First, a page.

Budapest Pride 2011 (Photo: Piotr Wcislik)
A court has overturned a police ban on a planned gay Pride parade in Budapest, Hungary, set to take place in July.
The Metropolitan Court reversed the authorities’ refusal to grant Pride organisers the right to use a route commonly used for other marches.
The police had refused permission for the July 7 march claiming that it would be impossible to redirect traffic.
The Pride organisers, the Rainbow Mission Foundation, had earlier announced that the march would take place along a route starting at City Park and going to Alkotmany Street along Andrassy Avenue, a major thoroughfare.
The route is one of the most commonly used routes for marches in Budapest. On January 21, government supporters held a Peace March for Hungary along the same route.
While the court rejected the police’s basis for the decision it did not rule on the discriminatory aspect of the ban.
Pride organisers said that they plan to take further legal action against the police for contravening the country’s Act on Equal Treatment and the Promotion of Equal Opportunities which forbids discrimination based on factors such as sexual orientation and sexual identity.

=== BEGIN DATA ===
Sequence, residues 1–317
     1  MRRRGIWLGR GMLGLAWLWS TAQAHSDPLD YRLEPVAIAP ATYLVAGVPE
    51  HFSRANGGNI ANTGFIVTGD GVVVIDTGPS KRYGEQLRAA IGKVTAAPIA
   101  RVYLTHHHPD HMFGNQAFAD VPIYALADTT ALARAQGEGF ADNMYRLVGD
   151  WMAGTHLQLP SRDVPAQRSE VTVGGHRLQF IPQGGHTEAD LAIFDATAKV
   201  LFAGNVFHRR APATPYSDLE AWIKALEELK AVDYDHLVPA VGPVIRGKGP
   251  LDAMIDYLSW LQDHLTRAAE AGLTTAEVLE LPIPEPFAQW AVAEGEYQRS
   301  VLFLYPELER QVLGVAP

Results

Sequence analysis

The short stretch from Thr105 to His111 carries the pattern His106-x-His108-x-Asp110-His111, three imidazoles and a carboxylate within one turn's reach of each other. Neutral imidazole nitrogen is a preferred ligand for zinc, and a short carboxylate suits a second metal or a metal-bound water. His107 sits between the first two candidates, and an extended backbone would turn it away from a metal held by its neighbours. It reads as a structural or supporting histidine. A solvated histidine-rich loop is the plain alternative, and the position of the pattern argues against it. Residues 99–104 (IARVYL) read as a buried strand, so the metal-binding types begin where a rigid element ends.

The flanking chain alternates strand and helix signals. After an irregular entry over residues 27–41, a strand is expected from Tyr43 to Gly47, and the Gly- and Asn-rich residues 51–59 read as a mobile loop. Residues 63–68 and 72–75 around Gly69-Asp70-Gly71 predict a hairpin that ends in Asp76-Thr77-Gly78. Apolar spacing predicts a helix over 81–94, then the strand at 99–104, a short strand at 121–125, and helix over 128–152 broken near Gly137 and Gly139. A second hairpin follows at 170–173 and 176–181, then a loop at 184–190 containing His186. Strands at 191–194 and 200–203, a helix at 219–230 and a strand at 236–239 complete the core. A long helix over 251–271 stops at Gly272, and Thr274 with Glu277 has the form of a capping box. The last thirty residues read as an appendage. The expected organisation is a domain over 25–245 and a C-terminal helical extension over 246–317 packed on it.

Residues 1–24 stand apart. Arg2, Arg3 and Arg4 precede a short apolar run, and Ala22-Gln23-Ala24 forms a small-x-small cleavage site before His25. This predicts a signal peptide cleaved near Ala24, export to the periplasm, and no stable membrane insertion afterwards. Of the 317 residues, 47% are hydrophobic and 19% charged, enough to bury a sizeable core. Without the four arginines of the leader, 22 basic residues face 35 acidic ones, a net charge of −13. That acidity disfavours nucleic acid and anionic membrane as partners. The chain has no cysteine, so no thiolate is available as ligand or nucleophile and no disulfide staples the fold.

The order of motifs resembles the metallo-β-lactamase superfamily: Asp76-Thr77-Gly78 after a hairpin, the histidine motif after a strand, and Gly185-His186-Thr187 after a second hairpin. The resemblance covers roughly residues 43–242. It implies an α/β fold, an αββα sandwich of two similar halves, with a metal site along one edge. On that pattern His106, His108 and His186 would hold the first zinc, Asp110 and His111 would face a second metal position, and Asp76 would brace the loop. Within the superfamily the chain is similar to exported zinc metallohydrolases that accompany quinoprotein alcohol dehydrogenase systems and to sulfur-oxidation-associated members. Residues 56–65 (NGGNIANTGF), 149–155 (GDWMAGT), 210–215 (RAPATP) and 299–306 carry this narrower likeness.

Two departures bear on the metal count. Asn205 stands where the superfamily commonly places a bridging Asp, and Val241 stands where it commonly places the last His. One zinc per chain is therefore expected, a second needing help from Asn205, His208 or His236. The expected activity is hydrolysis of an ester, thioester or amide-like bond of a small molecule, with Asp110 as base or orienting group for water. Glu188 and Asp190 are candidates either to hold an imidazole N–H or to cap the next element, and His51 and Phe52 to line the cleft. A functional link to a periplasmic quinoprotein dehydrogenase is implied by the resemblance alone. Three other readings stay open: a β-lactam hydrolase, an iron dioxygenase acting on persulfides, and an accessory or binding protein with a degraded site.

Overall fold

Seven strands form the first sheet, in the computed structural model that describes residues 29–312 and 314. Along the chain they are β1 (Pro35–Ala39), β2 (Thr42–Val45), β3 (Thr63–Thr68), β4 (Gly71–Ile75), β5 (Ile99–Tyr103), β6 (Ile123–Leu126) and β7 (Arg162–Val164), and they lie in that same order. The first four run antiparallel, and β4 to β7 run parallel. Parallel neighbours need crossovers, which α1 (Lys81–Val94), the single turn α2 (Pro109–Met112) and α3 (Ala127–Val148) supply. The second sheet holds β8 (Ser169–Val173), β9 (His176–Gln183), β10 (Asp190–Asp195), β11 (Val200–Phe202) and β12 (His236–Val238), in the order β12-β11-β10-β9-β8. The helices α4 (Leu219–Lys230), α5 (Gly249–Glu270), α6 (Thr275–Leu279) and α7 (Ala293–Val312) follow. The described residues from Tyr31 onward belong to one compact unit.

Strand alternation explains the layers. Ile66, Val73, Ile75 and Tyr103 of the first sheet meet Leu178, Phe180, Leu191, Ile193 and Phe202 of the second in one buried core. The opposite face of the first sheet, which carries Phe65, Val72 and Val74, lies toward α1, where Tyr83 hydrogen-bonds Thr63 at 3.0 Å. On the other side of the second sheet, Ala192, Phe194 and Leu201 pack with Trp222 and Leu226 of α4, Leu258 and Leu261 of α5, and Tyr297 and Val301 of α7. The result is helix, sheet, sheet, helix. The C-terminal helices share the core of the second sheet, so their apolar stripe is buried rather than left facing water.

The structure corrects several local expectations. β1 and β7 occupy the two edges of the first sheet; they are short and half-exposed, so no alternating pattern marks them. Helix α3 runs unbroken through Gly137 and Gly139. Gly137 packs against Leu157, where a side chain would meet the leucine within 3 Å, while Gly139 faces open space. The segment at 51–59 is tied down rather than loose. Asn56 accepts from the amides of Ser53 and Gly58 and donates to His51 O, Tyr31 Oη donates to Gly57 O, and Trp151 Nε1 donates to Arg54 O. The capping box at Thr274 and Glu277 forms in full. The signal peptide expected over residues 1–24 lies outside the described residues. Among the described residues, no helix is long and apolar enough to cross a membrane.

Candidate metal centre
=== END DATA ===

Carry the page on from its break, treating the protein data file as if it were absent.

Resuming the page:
Human Rights Watch had earlier said that the police ban was “a flimsy pretext to stop LGBT people from exercising the same rights as everyone else.”
This is not the first time Hungarian police have tried to interfere with the Pride march. In 2011, when the Rainbow Mission Foundation requested an extension to the planned march route, which already included Andrassy Avenue, Budapest police denied their request, stating that the extended route would unduly obstruct traffic. A court also overturned the police decision.
In 2008, Budapest police denied a permit for a gay Pride march on similar grounds but withdrew its objections following a letter from 15 LGBT organisations and Gabor Demszky, the Budapest mayor at the time.